Morris Closes 'Rookie' Season In Style
When Suns power forward Markieff Morris walked to the van after the Suns’ intra-squad scrimmage Saturday, he threw the his Disney Princess backpack over his shoulder and marched out of UC San Diego’s RIMAC Arena with chest held high.
Although Morris is entering his second year, he’s technically still a rookie to the other Suns players and staff members because his first year took place during the 2011-12 shortened 66-game season. So the Suns’ vets have the pleasure of torturing Morris for just a little longer.
Like Suns rookie Kendall Marshall, who was rocking a Justin Bieber backpack instead, the Suns players continue to prank the 6-9 Morris.
But that’s cool with the second-year man. He carries himself as if the joke is on them.
Because it just might be.
Although the Suns are just one practice removed from training camp, Morris is oozing confidence in everything that he does. Throughout camp, Morris looked amongst the most game-ready and comfortable of his teammates in Suns Head Coach Alvin Gentry’s new offensive system.
“In the summertime, I worked on offensive and defensive stuff and I watched a lot of film of my game last year and my flaws,” Morris said. “So I think I became a smarter player.”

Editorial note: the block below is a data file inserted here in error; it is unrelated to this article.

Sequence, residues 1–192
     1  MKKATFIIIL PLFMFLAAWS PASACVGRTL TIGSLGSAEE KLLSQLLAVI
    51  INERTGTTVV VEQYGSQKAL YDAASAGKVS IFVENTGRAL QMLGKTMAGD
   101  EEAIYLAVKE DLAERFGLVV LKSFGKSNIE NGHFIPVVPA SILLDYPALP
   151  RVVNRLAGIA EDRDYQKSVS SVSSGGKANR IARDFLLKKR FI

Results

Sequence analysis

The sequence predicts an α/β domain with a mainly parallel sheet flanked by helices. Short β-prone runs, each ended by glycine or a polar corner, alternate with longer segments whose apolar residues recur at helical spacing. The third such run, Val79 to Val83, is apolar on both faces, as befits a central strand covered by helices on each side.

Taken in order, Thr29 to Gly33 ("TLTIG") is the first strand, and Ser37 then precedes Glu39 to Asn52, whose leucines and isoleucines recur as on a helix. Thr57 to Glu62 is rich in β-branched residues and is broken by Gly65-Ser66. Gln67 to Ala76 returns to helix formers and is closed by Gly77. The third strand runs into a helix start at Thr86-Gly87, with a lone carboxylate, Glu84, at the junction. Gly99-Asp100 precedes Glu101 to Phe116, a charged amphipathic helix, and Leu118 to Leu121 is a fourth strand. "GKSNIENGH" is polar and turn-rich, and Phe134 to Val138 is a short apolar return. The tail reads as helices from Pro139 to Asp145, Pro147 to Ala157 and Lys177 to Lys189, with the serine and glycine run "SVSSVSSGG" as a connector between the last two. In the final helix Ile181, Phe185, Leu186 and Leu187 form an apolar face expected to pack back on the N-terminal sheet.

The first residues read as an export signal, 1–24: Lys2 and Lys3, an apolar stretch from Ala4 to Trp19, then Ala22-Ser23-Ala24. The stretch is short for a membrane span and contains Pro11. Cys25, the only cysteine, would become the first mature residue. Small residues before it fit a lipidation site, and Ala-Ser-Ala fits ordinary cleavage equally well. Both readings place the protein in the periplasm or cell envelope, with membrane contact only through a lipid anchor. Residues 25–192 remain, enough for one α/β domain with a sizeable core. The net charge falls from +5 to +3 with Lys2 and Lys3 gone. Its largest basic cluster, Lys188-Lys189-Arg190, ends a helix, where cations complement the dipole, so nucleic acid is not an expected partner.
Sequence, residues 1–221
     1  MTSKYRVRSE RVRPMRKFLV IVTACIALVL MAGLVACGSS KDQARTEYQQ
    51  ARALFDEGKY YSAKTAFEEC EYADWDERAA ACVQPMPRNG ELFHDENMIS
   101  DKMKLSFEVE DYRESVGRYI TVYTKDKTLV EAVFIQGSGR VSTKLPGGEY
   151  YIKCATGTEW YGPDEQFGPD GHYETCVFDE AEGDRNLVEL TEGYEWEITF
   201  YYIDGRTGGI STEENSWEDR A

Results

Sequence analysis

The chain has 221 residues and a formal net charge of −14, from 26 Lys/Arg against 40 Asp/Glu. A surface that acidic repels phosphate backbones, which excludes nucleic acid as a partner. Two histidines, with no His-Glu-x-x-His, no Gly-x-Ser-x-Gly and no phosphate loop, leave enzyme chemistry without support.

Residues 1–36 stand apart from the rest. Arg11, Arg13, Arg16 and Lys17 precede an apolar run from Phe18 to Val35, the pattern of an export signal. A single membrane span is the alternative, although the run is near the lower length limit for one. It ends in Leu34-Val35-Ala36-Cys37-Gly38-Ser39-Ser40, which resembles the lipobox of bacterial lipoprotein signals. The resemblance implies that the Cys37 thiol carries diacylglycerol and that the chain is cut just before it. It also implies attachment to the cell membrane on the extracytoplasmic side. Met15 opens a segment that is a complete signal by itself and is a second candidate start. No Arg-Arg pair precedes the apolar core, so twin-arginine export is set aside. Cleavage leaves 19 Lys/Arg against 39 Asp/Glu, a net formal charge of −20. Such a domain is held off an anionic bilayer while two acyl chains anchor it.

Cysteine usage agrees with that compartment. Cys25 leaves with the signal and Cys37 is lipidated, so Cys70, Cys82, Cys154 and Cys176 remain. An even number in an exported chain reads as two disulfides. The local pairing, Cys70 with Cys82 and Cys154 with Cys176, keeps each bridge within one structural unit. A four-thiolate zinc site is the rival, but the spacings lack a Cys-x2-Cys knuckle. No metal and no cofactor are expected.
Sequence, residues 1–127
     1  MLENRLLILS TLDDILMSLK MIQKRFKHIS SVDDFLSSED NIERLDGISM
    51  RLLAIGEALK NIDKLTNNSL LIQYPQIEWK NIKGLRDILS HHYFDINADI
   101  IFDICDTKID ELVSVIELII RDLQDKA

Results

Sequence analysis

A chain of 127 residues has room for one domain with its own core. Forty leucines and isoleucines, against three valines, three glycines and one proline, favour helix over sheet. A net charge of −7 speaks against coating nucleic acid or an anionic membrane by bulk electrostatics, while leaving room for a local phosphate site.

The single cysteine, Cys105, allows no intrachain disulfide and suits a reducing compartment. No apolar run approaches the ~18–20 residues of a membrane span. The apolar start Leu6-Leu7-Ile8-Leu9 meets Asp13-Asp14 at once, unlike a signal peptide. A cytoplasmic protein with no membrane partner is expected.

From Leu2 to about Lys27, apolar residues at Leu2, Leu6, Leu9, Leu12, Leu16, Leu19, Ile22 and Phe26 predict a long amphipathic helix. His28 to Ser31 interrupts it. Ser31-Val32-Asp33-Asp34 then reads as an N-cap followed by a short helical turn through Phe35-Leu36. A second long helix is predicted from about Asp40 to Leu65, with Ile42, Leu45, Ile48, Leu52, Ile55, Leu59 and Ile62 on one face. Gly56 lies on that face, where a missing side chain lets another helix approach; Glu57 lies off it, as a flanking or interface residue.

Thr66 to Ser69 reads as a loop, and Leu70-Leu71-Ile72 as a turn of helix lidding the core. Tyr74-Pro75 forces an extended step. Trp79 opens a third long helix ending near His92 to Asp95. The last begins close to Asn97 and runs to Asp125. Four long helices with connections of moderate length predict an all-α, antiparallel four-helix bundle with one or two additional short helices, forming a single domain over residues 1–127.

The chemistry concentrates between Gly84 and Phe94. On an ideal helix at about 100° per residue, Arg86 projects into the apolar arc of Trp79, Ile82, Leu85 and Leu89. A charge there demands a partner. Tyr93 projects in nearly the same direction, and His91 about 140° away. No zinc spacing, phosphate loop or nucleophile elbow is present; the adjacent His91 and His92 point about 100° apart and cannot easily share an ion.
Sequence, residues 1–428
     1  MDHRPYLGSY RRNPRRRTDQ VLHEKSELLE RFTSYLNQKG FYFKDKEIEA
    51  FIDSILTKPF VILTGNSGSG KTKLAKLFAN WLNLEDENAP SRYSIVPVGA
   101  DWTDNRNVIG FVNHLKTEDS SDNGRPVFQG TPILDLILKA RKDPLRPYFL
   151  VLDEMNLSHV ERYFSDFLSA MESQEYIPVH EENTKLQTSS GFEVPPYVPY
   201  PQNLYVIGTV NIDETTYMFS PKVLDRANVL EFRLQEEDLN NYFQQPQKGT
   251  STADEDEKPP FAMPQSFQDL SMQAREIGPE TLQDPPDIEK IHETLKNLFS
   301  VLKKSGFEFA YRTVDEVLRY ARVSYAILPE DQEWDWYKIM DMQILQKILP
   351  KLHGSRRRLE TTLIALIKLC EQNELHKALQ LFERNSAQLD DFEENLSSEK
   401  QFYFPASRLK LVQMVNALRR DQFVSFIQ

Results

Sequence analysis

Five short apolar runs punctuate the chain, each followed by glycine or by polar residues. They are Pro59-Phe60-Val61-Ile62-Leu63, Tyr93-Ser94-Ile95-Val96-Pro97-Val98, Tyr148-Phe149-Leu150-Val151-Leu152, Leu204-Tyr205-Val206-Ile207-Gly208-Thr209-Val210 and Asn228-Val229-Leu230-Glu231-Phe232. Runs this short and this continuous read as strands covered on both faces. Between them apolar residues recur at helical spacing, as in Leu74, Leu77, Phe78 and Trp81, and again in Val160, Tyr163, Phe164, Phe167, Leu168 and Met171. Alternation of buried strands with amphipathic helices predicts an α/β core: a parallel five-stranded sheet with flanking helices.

In the intra-squad scrimmage Saturday, Morris’ 23 points led Team White and only trailed Jared Dudley’s 33 points for game-high honors. The former Jayhawk demonstrated eagle-eyed accuracy from the perimeter, as well as some new creative one-on-one moves in his repertoire.
Last year, Morris left the impression that he believed that he was NBA player. Now he knows that he is one.
During the 2011-12 season, Morris averaged 7.4 points and 4.4 rebounds a night. That was good enough to rank eighth and fourth on the team, respectively.
But as Gentry noted, there was a reason for that. Due to the collective bargaining negotiations last summer and fall, the first time Morris played against NBA competition was the first day of training camp last season.
Now, with a season and a full summer under his belt, Morris is finally up to speed.
“He didn’t have the luxury of going through a summer league where you play seven or eight games, going to the camp they have for the NBA guys and spending the summer here,” Gentry said of Morris’ rookie season. “He basically had two exhibition games and started playing in the NBA. But this summer he really improved his game overall.”
Morris has even made strides with the media. After an interview with a Suns.com staffer that shall remain nameless, Morris inquired, “Aren’t I better this year?”
“Yeah, your game is looking a lot more polished,” the staffer responded.
“Nah, I meant with my interviews,” he replied. Apparently Morris underwent league-promoted training to be more media-savvy.
“I paid attention in that,” Morris added.
If he continues to play like he has this preseason, he will need that training with all of the attention he will receive.
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